Children with health insurance are less likely to receive needed services if their parents are uninsured
Insuring children without insuring their parents does not solve the problem of children's unmet health needs, a new study finds. Insured children living with at least one parent in families where the children were insured, but the parents were not, were more than twice as likely to not have a usual source of care than insured children with insured parents. In similar fashion, insured children with uninsured parents were 11 percent more likely to have unmet health needs and 20 percent more likely to have never received any preventive counseling services. Insured children with one insured and one uninsured parent were 18 percent more likely to have had no doctor's visit in the past year than insured children with two insured parents.
A team led by Jennifer E. DeVoe, M.D., D.Phil., of Oregon Health and Science University, analyzed data on 43,509 individuals who responded to the Agency for Healthcare Research and Quality's (AHRQ's) Medical Expenditure Panel Survey-Household Component (MEPS-HC) for 2002-2006. Survey respondents were interviewed five times over 2 years. The team determined that an average of 73.6 percent of children were insured with insured parents, 8 percent of children were uninsured with uninsured parents, and 10 percent of children were insured with uninsured parents.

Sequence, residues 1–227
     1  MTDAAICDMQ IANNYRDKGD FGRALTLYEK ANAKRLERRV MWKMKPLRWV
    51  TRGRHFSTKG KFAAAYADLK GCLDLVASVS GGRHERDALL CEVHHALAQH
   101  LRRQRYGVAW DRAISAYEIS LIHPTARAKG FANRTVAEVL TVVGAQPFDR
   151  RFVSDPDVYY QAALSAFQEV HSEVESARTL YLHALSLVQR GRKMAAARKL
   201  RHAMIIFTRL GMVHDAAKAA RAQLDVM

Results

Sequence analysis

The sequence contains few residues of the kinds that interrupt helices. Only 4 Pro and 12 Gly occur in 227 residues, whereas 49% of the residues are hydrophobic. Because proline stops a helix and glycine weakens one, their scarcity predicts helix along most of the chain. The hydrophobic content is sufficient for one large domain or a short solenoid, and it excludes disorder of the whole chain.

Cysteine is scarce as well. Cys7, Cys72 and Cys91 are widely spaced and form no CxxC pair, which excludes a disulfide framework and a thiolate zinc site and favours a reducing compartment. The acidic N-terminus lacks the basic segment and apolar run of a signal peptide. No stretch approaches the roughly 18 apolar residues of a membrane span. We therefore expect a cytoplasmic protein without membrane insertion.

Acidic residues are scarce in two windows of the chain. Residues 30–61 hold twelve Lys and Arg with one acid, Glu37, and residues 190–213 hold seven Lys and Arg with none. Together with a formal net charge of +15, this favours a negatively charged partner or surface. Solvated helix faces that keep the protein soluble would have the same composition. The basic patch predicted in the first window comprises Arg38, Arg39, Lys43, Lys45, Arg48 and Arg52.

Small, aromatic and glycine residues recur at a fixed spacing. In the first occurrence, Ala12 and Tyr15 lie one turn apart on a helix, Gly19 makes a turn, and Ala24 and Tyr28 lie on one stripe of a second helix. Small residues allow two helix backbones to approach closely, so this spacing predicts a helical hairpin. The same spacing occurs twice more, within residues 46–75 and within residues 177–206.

These findings suggest that the long-term improvement of health care for children cannot be met by covering children alone. The researchers note that those States that have expanded public coverage to parents of covered children have maintained more stable health care. The study was funded in part by AHRQ (HS16181).
More details are in "Children's receipt of health care services and family health insurance patterns," by Dr. DeVoe, Carrie J. Tillotson, M.P.H., and Lorraine S. Wallace, Ph.D., in the Annals of Family Medicine 7(5), pp. 406-413, 2009.
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